The tendency towards opportunism is best described by the Agency theory. c) Relationship parameters (i) Retailer’s “System Trust”: This can be defined as the willingness of the retailer to rely on the category captain’s policies. Such trust is essential to category plan implementation and lack of such trust retards category performance. (ii) Supplier / Retailer preplanning agreement: This process involves establishing common objectives, agreeing on the approach, and gaining buy-in from all parties involved in the category management process. (iii) Supplier / CBD team resource commitment: This is the final key factor.
It can be considered to be the input of resources and personnel by the partners into the category management partnership. Thus we have seen how supplier – retailer relationship affects category performance. Now we proceed to explore the other relationship in category management, which is between retailer and consumer. 5. 2 RETAILER–CONSUMER RELATIONSHIP We hereby propose a model to signify the aspects of this relationship. Consumer satisfaction has been assigned the utmost importance as the determinant of category performance. We have divided the model into two basic segments, viz. Strategies for enhancing consumer satisfaction and Benefits of consumer satisfaction. While the former deals with the strategies that the retailer should adopt to generate enhanced consumer satisfaction, the latter deals with the impact of enhanced consumer satisfaction on retailer’s macro objectives. I. Strategies for enhancing consumer satisfaction The above model takes into account two broad strategies for enhancing consumer satisfaction. These are: a) Product centric strategies: The product centric strategies at the retailer level include the strategies regarding availability of an optimal product range.
The two postulates proposed here are: (i) Product mix: An optimal product mix comprising of a broad product range, optimal price range and innovative and new products enhances consumer satisfaction (ii) Supplier management: An optimal assortment of suppliers in various categories, coupled with proper inventory management policies followed by retailer/supplier enhances consumer satisfaction b) Consumer centric strategies: The consumer centric strategies are those that are devised to positively affect consumer preferences for a particular category.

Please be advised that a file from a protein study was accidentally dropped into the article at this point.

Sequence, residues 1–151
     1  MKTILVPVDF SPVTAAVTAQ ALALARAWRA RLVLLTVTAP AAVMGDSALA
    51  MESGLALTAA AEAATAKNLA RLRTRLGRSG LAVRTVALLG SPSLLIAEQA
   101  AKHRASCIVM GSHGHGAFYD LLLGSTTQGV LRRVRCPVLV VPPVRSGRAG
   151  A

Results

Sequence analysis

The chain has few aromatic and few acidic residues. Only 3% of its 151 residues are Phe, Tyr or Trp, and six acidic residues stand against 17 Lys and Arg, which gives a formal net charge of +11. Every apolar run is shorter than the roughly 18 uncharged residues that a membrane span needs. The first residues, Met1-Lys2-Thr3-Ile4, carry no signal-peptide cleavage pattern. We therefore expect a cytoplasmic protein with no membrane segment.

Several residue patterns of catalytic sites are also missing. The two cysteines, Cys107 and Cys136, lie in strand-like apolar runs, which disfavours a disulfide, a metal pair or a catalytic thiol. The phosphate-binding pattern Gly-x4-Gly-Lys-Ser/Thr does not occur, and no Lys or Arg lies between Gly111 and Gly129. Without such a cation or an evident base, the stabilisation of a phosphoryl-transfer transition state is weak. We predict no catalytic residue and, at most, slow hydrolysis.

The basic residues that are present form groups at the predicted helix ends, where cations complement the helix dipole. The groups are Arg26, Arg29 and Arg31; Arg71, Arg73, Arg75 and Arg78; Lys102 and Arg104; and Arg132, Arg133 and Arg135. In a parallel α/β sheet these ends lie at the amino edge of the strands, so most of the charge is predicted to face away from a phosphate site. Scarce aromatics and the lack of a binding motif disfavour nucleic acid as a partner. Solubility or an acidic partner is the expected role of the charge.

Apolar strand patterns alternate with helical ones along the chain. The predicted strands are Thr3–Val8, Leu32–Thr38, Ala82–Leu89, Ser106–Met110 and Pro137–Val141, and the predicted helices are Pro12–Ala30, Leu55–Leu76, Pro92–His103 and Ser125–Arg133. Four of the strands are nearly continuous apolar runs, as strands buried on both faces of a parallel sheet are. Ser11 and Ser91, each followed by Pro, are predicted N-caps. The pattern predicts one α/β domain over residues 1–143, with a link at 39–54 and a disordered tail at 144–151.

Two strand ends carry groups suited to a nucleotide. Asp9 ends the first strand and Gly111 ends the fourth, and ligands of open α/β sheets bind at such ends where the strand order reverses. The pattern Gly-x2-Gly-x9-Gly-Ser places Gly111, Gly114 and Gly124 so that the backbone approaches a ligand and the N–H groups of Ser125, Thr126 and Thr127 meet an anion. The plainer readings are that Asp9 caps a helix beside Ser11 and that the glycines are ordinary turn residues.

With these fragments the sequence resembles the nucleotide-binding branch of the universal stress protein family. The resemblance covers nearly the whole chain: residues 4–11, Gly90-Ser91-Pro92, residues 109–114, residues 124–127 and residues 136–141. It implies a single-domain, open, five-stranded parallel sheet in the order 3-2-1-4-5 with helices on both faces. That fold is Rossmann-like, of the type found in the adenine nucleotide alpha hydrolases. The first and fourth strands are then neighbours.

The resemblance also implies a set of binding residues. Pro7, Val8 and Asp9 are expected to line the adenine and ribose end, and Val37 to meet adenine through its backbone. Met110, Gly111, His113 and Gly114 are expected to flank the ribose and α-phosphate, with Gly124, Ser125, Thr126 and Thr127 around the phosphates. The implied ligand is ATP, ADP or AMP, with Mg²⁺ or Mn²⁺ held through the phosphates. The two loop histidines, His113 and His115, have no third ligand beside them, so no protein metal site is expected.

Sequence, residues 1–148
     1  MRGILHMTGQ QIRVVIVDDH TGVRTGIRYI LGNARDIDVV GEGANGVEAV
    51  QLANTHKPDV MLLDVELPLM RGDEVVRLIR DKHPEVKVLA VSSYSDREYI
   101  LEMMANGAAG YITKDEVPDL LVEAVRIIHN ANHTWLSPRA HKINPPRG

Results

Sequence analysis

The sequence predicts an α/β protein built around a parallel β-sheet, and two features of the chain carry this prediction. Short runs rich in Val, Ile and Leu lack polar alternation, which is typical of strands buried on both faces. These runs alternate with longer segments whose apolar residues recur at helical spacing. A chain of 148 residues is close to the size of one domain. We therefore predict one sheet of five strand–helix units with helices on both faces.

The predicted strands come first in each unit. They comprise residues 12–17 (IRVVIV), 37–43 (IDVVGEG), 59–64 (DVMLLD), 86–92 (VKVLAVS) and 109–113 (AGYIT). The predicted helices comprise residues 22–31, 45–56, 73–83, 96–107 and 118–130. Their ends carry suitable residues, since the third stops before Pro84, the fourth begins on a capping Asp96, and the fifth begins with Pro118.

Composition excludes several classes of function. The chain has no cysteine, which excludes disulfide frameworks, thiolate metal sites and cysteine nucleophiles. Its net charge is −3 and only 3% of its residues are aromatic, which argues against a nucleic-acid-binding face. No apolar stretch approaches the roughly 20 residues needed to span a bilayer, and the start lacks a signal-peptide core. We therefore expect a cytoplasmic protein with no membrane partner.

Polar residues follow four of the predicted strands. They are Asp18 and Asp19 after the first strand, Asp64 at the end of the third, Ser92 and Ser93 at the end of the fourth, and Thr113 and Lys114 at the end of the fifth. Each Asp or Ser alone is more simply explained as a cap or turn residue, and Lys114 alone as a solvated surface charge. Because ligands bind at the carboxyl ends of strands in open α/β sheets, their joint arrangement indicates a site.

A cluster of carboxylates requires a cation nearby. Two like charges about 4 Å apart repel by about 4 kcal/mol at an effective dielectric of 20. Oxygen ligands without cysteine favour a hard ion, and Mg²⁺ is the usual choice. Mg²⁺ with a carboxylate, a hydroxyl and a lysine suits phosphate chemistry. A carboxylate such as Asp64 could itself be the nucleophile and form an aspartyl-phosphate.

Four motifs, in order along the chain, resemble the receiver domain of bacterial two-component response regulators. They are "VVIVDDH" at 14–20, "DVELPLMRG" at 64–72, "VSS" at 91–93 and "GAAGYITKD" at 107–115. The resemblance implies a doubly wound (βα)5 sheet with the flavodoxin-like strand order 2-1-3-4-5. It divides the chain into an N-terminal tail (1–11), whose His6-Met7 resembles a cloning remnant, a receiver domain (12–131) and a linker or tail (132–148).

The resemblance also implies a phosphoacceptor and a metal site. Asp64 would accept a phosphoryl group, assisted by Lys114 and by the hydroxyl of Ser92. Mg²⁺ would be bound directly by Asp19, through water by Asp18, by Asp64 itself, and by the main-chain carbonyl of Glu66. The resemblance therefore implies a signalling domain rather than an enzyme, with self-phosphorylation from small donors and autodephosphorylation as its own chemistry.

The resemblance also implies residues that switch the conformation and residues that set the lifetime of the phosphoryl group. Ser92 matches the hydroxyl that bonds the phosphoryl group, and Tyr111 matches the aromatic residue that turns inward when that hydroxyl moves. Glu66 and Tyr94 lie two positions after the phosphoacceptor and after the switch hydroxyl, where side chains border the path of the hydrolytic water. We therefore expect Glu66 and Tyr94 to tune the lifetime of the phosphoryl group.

The two postulates proposed in this category are: (i) POS management: The point of sale is the key to the process of consumer choice. We postulate that an effective POS management, comprising of creation of brand awareness at POS, Planogram management, merchandising, and POS promotion enhances consumer satisfaction by offering him more choices. (ii) Services offered: The effectiveness of services offered, including after sales services, trade promotional programs, and relationship marketing enhances consumer satisfaction. II.
Benefits of consumer satisfaction Consumer satisfaction has been postulated as the key determinant of category performance. The two key areas that are affected positively by consumer satisfaction are presented by way of our hypotheses as: a) Category growth: We postulate that greater the magnitude of consumer satisfaction with a category, greater is the category growth. Greater category growth has a direct bearing on enhanced profits of the supplier. Hence consumer satisfaction leads to enhance supplier benefits. b) Enhanced retailer assets:
We postulate that enhanced consumer satisfaction causes greater purchases from the retailer outlet and hence offers competitive advantage to the retailer. This leads to enhanced retailer assets. Thus enhanced consumer satisfaction leads to greater benefits for the retailer. We iterate that although the importance of retailer consumer relationship has been tried to be mapped in the model we have provided here, the hypotheses need to be validated through market research and consumer patterns. 6. CATEGORY MANAGEMENT SCENARIO IN USA Category management as a concept has been endorsed and applied in the US in a major way.
In a recent industry study (Cannondale Associates) where the current practices in category management were assessed by over 250 retailers and manufacturers, including Wal-Mart, Winn-Dixie, Publix, Kellogg’s, Kraft Foods, Quaker Oats and Tropicana, it was found that the findings could be grouped as per the lines of the following: “…To survive in today’s consolidating environment, retailers and manufacturers need to improve their collaboration with trading partners using the newest technologies, be alert to evolving views of private label and trade promotion efficiencies, and incorporate frequent shopper data analyses. According to the study, both retailers and manufacturers attributed double-digit sales growth to category management. Efficient Assortment ranked as the category management skills component of most concern to those surveyed, while Category Definition/Role, Category Strategy, Shelf Management and Pricing ranked high as well.
One of the major reasons for evolution of the whole concept of category management in US is the evolution of strong retailing industry and strengthening of the power the retail chains have over manufacturers. The retail chains have grown to become huge business enterprises in themselves. Thus there has been a shift away from the brand management concept of the manufacturers.